Every Story is a War

by wjw on March 11, 2019

So I did some writing on the new novel the other night, and I thought it was okay, but when I went back the next night I realized I’d written crap.  Not uninspired, not unfocused, just plain bad writing.  It sucked.

I found this so demoralizing that I didn’t write much the second night, but I did fix up the bad writing and made it less bad.  I won’t say it was great or anything.

(I should point out, for the purposes of this anecdote, that I write late at night.)

The next night I hammered away, but didn’t get very far.  By now I was recognizing the symptoms.

My subconscious tells me when things aren’t working, and the way it tells me is by making it very, very hard for me to actually put words on pages.  So I took a look at what I was doing, and tried to figure out what was wrong.

The first thing to note was that this wasn’t my protagonist’s scene, it belonged to someone else.  I’d known that all along, but I thought that wasn’t necessarily a bad thing.  By now, Book VII of the Praxis series, my heroes have all acquired friends and loyal subordinates and in-laws and rivals and so on, and every so often I like to let the reader know that all these characters have lives of their own, and that while my heroes are out having adventures, their friends are living their lives and occasionally doing something of interest.

So this scene belonged not to a protagonist, but to a sidekick, and it was designed to show that the sidekick was competent and interesting and, in his way, necessary to the story.  Just like all the other sidekicks, of which there are dozens by now.

But for some reason the scene wasn’t working.  I thought about cutting it completely, but I finally decided that I’d stuck it in a chapter that already had too much happening in it, and that this extra subplot added a burden that the narrative didn’t want to carry.

So right now the sidekick’s been stuck in Coventry until I can figure out what to do with him.  I think I know now where his substory would more easily inserted into the narrative, but I won’t know for sure till I get there.  And in the meantime the book is more about its protagonists than it was previously.

To be a good writer, you must learn to “kill your darlings,” a phrase that I heard via Kate Wilhelm but that turns out to have been uttered first by someone named Arthur Quiller-Couch.

I haven’t killed my darling, but I’ve stuck him in a closet till he’s needed, so maybe that amounts to the same thing.

And, more importantly, the words are flowing now.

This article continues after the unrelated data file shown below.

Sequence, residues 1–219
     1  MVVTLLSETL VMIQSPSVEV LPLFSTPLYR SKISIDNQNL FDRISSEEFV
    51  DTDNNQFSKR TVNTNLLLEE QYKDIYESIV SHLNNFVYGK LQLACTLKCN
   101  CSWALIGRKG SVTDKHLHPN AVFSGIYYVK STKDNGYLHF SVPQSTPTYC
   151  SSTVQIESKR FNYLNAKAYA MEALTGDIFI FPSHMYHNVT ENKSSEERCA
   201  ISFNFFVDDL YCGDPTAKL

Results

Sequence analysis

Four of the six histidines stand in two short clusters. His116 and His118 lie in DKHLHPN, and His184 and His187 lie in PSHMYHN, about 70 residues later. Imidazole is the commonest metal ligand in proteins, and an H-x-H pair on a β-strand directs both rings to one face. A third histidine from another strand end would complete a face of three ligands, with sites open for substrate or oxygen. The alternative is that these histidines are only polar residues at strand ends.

Jane Lindskold March 12, 2019 at 9:38 am

Nicely put, Walter. Been there. The frustration is SO real, but so is the eventual revelation/relief when the words come back.

Ralf T. Dog March 12, 2019 at 2:40 pm

Sounds like a wonderful short story to be released, “In the Universe of Praxis.” (Kind of like Hardwired and Solip:System.)

AlConQueso March 13, 2019 at 6:57 pm

Preach it brother! I recently unstuck a block by doing the exact opposite. I sat down with something I’ve been trying to get back to work on, and instead of picking up where I left off, I skipped to the end of the story to write a chapter. It flowed so easily and thoughtlessly that it was on the page before I knew what was happening. I’ve since gone in, embellished and added, and what do you know? The block is gone… and I’ll be damned if the whole thing isn’t coming together!

Long live the Praxis!

John Appel March 14, 2019 at 8:16 am

As a rookie writer, it’s both relieving and terrifying to know that even vets struggle with some of the same things I do.

Glad the words are flowing again. Trying to get my next project kicked into gear myself.

Stephen C. Ehrmann March 15, 2019 at 9:18 am

Are you working for a 2020 release of the new Praxis novel? I can’t wait. Well I can wait, but I just turned 70 today so I don’t have forever. 😉

wjw March 17, 2019 at 6:18 pm

Al, good on you! I’ve used that technique myself.

Ralf, it isn’t a long enough substory to make a story in itself. (As with “Video Star,” for example. So it’ll either fit into a scene later, or it won’t.

Stephen– yes, the so-far-untitled book should appear in 2020.

Comments on this entry are closed.

Previous post:

Next post:

Contact Us | Terms of User | Trademarks | Privacy Statement

Copyright © 2010 WJW. All Rights Reserved.